For God’s sake, can’t you think of anything that’s not important, not important at all
In this day an age of click bait, catchy headlines, and cat gifs it’s become harder and harder to write substance.
It’s a never ending battle between wanting engagement, and wanting to write something of value, something worth the read.
As a writer, I’m not interested in your superficial listicles, quick news blurbs, or stringy rants on topics that aren’t worth the rant.
As a writer I desire clear engaging writing that will push you to think and contemplate what was once unknown or disapproved.
I think the battle between the superficial and the in-depth is best described in one of Ayn Rand’s short stories about a writer who’s trying to get a best seller out the door.
“The Simplest Thing in the World,” an essay included in her book, “The Romantic Manifesto” paints an image of the inner fight inside the writer’s head to create a popular novel, or write something of meaning and purpose. Ultimately ending in the writer making a choice; compromise principles to write “popular fiction,” or stick to his values, refusing to give into the popularity game.
Here’s segments of that story that caught my eye, and I think, communicate the battle between the meaningful and the commercial.
“Everybody’s told you that that’s what you must do. You’ve asked for a job and nobody would give you one. Nobody would help you find one. Nobody had even seemed interested or serious about it. They said, a brilliant young man like you! Look at Paul Pattison, they said. Eighty thousand a year and not half your brain. But Paul knows what the public likes to read and gives it to them. If you’d just stop being so stubborn, they said. You don’t have to be intellectual all the time. Why not be practical for a while, and then, after you’ve made your first fifty thousand dollars, you can sit back and indulge yourself in some more high literature which will never sell. They said, why waste your time on a job? What can you do? You’ll be lucky if you get twenty-five a week. It’s foolish, when you’ve got a great talent for words, you know you have , if you’d only be sensible about it. It ought to be easy for you. If you can write fancy, difficult stuff like that, it ought to be a cinch to toss off a popular serial or two. Any fool can do it. They said, stop dramatizing yourself. Do you enjoy being a martyr? They said, look at your wife. They said, if Paul Pattison can do it, why can’t you?
Don’t try to be so complicated. Be simple. She’s simple to understand. That’s it. Be simple about everything. Just write a simple story. The simplest, most unimportant story you can imagine. For God’s sake, can’t you think of anything that’s not important, not important at all, not of the slightest possible importance? Can’t you? Are you as good as that, you conceited fool? Do you really think you’re as good as that? That you can’t do anything unless it’s great, profound, important? Do you have to be a world-saver all the time? Do you have to be a damn Joan d’Arc?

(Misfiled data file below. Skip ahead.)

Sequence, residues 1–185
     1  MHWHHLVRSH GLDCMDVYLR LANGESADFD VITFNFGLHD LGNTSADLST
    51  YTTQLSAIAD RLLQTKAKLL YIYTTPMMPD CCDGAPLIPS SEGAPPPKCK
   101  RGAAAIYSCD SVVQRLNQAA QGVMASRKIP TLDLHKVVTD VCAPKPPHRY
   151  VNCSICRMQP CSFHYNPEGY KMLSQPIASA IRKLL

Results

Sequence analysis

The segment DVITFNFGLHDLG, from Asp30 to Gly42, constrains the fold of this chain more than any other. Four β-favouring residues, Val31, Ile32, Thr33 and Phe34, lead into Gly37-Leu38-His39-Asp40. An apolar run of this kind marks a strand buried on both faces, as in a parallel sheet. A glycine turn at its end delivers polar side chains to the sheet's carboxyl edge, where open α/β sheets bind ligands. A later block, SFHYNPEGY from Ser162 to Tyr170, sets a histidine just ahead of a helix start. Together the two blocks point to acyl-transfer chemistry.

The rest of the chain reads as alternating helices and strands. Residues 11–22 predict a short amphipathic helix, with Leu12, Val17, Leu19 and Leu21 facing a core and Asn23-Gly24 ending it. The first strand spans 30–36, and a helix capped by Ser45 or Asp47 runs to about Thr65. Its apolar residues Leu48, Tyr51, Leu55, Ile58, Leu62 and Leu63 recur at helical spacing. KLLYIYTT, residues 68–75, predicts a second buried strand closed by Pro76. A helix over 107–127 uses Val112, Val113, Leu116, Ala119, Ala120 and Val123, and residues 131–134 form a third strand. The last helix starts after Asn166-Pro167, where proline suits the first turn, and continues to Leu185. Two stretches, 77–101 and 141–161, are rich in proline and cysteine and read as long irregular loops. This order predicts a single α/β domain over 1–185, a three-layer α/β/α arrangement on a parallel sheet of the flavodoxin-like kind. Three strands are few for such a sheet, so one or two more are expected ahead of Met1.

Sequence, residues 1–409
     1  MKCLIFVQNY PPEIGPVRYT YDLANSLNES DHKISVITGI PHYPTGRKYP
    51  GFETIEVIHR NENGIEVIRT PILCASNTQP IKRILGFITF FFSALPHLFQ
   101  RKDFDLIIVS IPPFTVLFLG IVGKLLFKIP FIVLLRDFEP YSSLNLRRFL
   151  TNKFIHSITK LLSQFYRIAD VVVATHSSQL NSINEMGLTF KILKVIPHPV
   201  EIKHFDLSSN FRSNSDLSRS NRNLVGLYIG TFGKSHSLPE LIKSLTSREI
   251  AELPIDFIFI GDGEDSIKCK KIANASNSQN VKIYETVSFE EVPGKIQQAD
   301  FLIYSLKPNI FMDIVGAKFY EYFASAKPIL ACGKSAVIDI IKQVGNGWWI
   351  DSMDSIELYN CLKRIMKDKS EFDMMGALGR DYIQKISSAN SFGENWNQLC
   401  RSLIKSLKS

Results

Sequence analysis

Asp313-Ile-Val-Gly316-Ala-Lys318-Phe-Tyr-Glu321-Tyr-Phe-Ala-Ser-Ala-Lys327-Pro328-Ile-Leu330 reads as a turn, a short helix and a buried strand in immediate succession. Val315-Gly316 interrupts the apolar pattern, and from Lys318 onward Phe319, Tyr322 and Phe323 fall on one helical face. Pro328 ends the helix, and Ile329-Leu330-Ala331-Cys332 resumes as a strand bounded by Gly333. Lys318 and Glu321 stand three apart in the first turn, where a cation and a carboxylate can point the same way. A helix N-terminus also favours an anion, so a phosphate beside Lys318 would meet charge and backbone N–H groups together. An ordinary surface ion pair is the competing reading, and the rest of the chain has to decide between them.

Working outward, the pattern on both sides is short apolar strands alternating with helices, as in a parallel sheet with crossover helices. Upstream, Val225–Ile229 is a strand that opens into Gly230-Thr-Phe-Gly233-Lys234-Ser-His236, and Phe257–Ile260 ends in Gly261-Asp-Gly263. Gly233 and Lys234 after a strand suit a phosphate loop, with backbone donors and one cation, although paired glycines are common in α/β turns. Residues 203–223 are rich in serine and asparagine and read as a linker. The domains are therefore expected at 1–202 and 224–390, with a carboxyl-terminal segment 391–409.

Why must you always know the meaning of everything? There’s your first mistake — right there. Do it without thinking. It mustn’t have any meaning. It must be written as if you’d never tried to find any meaning in anything. not ever in your life. It must sound as if that’s the kind of person you are. Why do people resent people who look for a meaning? What’s the real reason that…
You’re all right. It’s all right. You’ll write this story later. You’ll write it after you have money. It’s all right. It won’t be taken away from you. Now sit quiet. Count ten.
Don’t think of the fantastic, don’t think of the unusual, don’t think of the opposite of what anyone else’d want to think, but go after the obvious, the easy.
Can’t you turn it off — that brain of yours? Can’t you make it work without letting it work? Can’t you be stupid? Can’t you be consciously, deliberately, cold-bloodedly stupid? Can’t that be done in some way? Everybody is stupid about some things, the best of us and the brightest. Everybody has blind spots, they say. Can’t you make it be this?
Dear God, let me be stupid! Let me be dishonest! Let me be contemptible! Just once. Because I must.
Drop it. You’re not settling world problems. You’re writing a commercial story.
Henry Dorn sat very still, his hands folded in his lap, hunched, seeing nothing, thinking of nothing. Then he pushed the sheet of blank paper aside and reached for the Time’s ‘Help Wanted’ ads.”
As a writer, I will not subjugate myself to meaningless dribble in the name of a livelihood or fame.
Writing shit is just that, shit.
Making money off of your own shit is a sad existence, and one that I have no desire to participate.
I view my craft as a conduit for spreading and explaining ideas, values, and ethics. I’ll be damned if I let it be turned into a “click here” advertisement for nothing at all.